Chris Warkentin says the federal government needs to do something right away to deal with regulatory uncertainty from the current state of the Trans Mountain pipeline expansion. The Conservative MP for Grande Prairie – Mackenzie argues Prime Minister Justin Trudeau needs to get rid of some of the red tape surrounding energy projects.
“He could actually just [start by] taking back some of the legislation that he has layered on to the industry over the last several months. He’s increased the regulatory burden for oil and gas companies, for investors in Canada; he has eviscerated all of the guaranteed timeframes in terms of if a project can move forward.”
In late August, the federal court of appeal overturned Ottawa’s approval of pipeline expansion, saying not enough was done to consult with Indigenous peoples. Warkentin calls the decision a “devastating blow” to energy workers in Alberta.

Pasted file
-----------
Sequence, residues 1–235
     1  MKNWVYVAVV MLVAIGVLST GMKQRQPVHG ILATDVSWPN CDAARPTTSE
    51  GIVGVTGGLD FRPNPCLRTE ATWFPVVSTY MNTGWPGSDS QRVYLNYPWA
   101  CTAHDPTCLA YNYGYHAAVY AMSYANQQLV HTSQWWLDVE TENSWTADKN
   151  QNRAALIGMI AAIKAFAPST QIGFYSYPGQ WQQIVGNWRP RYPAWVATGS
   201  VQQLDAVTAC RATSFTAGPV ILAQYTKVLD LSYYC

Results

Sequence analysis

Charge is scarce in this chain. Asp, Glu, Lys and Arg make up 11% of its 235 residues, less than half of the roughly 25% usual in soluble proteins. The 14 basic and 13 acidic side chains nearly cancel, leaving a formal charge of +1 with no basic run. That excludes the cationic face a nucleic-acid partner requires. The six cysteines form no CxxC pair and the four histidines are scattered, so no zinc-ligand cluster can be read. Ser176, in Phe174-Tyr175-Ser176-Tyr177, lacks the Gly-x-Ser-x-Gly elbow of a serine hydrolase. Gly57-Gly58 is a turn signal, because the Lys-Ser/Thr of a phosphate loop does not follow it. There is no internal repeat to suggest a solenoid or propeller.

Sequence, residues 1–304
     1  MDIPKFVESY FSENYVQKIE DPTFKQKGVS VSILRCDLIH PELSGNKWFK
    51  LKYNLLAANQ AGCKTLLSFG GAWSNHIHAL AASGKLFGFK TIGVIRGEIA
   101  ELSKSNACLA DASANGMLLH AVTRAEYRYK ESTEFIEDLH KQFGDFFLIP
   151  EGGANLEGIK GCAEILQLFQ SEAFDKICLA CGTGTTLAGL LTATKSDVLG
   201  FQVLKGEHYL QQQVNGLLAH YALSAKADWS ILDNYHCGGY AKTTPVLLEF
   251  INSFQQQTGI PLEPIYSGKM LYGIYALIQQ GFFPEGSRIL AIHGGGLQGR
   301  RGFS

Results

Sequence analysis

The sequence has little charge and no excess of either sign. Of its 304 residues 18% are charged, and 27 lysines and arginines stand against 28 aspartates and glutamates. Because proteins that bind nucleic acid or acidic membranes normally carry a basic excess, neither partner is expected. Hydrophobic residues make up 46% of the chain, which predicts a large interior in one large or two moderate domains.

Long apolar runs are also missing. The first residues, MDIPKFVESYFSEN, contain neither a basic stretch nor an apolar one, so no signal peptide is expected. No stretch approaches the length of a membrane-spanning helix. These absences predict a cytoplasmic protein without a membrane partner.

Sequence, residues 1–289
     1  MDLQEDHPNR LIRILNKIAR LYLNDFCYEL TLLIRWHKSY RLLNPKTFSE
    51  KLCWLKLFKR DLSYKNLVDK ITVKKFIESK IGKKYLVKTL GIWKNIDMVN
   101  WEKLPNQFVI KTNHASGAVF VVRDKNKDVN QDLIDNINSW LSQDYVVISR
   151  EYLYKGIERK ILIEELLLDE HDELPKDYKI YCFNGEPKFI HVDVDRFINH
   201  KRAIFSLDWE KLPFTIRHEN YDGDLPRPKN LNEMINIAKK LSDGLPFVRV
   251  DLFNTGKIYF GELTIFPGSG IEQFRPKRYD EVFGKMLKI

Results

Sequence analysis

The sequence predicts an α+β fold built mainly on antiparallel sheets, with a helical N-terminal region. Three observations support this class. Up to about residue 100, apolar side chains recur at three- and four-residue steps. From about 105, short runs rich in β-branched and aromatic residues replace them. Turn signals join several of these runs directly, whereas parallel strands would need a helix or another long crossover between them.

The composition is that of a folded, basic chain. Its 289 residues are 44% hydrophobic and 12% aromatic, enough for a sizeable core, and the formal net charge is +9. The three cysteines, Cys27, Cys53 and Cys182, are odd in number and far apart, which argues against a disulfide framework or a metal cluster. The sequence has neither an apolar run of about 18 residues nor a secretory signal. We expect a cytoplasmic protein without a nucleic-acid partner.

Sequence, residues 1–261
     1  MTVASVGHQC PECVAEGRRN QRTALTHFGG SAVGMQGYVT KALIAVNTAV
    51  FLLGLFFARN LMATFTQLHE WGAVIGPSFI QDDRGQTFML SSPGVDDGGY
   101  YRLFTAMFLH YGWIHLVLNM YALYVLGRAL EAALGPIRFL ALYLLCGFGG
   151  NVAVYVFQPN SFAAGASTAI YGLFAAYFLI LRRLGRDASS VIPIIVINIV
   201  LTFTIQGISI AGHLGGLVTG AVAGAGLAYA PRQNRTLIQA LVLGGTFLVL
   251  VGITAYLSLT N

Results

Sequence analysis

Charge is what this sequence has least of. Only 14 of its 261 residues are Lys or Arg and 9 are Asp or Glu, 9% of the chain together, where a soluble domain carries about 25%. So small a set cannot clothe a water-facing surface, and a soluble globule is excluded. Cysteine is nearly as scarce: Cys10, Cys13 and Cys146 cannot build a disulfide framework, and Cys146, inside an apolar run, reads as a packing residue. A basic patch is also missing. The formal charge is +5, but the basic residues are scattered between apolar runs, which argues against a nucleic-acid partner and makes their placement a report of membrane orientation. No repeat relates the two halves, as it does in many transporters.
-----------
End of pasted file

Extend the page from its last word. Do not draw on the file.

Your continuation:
“It really undermines what Justin Trudeau had been promising. He had been saying that if provinces endorsed the carbon tax, if the government used taxpayers’ money to buy this pipeline, and if you brought in a whole bunch more regulations to stifle the energy sector across the country, that there would be a social licence to build this pipeline.”
An emergency meeting of the federal natural resources committee was held Tuesday in Ottawa but failed to produce results. The Liberals voted down a Conservative push for a probe into the future of the pipeline project and why the government decided to buy it with a court decision pending.
“We look to the government,” Warkentin said Friday. “We anticipate that they knew that this was a possibility so we’d like to hear from the Prime Minister on what is to get this project built.”
Alberta premier Rachel Notley responded to the court ruling by pulling out of the federal climate plan. Warkentin says he doesn’t fully believe her intentions, as she hasn’t gotten rid of Alberta’s carbon tax.